NEW YORK (CBS NEWS) - It’s no secret that our bodies need sleep to function at their best. Shift workers who vary their work and sleep schedules are especially at risk of not getting enough shut-eye. But a new study confirms that those workers, and anyone who doesn’t get enough sleep, can harm their health by raising their risk for diabetes and obesity.
Previous studies of shift workers and similar groups suggest that sleep patterns which are inconsistent with our body’s “internal clock” could lead to health problems. For this new study, researchers instead looked at 21 healthy participants, and put them through experiments that mimicked the sleep patterns of shift workers or those of people with recurring jet lag.
In the six-week study, published in the April 11 issue of Science Translational Medicine, 21 men and women started out by getting an “optimal” 10 hours of sleep per night, and followed that with three weeks of about 5.5 hours of sleep that varied between day or night, such as a shift worker may experience. The study ended by participants getting nine nights of “recovery sleep” at their usual slumber time. Participants ranged in age from their 20s to their 60s, and lived in dimly lit rooms without windows to prevent their bodies from adjusting to day and night.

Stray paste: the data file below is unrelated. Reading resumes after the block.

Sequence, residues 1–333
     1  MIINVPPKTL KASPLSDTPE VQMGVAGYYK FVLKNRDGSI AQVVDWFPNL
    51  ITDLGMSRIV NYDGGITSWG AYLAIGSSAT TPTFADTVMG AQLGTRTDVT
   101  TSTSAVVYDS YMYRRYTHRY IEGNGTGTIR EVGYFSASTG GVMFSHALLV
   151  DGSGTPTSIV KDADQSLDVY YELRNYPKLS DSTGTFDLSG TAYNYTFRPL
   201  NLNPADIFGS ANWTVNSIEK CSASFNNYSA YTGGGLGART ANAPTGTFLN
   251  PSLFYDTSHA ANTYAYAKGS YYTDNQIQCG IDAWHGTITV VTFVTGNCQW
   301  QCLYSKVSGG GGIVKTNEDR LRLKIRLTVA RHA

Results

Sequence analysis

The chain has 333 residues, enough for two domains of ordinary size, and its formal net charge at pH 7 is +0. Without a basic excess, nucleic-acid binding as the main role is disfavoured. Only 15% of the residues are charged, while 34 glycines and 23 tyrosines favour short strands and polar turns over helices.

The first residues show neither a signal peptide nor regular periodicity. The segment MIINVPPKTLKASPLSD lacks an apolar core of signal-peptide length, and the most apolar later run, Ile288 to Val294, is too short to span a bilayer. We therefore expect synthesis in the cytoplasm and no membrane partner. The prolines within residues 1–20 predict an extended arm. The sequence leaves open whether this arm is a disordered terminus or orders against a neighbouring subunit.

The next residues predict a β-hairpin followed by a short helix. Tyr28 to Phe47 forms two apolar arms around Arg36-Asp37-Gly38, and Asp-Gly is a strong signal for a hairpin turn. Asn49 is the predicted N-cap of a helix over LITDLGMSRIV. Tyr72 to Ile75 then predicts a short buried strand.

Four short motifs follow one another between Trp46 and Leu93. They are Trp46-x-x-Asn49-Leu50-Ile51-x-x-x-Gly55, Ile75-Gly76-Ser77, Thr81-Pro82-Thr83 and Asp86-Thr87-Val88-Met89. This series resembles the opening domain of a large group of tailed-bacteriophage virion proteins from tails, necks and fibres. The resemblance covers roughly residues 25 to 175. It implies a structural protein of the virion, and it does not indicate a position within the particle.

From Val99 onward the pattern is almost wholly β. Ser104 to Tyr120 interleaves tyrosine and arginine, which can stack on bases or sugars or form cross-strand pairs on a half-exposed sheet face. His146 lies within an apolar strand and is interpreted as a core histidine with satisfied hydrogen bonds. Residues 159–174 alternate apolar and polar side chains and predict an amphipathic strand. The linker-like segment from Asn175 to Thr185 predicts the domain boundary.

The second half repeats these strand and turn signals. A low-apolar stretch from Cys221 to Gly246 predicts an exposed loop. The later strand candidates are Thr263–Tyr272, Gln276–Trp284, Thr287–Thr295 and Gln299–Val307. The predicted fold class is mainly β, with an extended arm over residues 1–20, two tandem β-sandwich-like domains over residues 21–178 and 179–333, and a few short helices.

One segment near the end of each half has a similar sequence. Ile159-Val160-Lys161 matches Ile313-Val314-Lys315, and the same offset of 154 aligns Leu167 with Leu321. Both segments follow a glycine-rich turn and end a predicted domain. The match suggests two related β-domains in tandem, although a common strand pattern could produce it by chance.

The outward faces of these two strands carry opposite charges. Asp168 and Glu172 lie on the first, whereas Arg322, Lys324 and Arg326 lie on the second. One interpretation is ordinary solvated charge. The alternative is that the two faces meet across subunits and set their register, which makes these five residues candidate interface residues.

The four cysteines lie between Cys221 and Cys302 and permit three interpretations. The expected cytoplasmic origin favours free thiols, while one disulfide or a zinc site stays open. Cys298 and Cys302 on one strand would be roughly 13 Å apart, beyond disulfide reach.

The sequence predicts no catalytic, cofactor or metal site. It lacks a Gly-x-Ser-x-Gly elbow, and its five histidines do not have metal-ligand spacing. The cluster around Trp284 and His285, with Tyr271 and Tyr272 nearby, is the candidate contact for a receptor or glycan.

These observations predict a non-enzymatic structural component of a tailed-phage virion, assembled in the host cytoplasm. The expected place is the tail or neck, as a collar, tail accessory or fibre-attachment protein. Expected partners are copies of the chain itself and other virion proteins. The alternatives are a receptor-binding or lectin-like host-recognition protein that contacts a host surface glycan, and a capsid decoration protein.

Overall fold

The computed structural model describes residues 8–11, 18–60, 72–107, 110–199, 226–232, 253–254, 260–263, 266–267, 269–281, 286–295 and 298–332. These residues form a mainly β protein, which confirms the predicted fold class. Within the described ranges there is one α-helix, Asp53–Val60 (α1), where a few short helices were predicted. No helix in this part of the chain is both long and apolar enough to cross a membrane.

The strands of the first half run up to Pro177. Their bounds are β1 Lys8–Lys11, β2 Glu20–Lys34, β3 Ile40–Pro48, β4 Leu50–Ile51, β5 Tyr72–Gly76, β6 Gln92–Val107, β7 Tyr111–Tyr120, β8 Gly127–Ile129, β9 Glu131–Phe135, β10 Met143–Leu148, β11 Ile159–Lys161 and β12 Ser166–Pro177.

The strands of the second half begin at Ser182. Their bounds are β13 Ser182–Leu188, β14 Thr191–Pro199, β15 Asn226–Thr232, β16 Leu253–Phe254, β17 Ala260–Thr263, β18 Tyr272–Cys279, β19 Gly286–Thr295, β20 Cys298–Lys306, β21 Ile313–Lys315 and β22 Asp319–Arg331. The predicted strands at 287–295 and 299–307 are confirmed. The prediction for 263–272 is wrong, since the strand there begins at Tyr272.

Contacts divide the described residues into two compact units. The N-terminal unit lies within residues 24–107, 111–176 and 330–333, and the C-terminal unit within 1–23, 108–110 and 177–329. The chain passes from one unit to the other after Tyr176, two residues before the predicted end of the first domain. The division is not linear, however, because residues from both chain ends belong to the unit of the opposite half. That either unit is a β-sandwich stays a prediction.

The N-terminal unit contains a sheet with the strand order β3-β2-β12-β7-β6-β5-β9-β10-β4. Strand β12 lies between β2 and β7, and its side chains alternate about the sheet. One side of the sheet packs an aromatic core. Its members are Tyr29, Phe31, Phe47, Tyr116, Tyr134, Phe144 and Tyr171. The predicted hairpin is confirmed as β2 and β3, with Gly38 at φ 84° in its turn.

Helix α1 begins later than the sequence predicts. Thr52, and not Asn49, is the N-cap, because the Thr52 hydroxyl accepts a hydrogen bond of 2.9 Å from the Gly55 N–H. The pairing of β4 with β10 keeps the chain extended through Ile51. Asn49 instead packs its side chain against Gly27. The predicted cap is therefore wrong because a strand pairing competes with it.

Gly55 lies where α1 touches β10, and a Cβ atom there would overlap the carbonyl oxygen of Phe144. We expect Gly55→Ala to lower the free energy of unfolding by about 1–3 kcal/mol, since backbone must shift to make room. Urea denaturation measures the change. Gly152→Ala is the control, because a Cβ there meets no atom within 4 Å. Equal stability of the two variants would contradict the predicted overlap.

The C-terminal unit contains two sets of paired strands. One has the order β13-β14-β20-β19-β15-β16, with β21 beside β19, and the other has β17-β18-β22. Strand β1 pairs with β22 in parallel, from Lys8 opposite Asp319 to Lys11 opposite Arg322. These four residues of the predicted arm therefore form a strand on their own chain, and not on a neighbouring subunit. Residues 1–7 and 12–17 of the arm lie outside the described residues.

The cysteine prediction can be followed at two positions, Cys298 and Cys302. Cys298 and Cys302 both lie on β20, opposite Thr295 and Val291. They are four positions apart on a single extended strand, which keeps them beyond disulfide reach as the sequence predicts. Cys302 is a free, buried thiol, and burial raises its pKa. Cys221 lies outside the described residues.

By study’s end, the researchers saw that restricting sleep and disrupting the body’s clock, or circadian rhythm, decreased metabolism among participants and caused a spike in their blood glucose after eating, a sign that the pancreas isn’t producing enough insulin. The researchers say that could translate to an extra 10 pounds of weight gain each year and an increased risk for diabetes.
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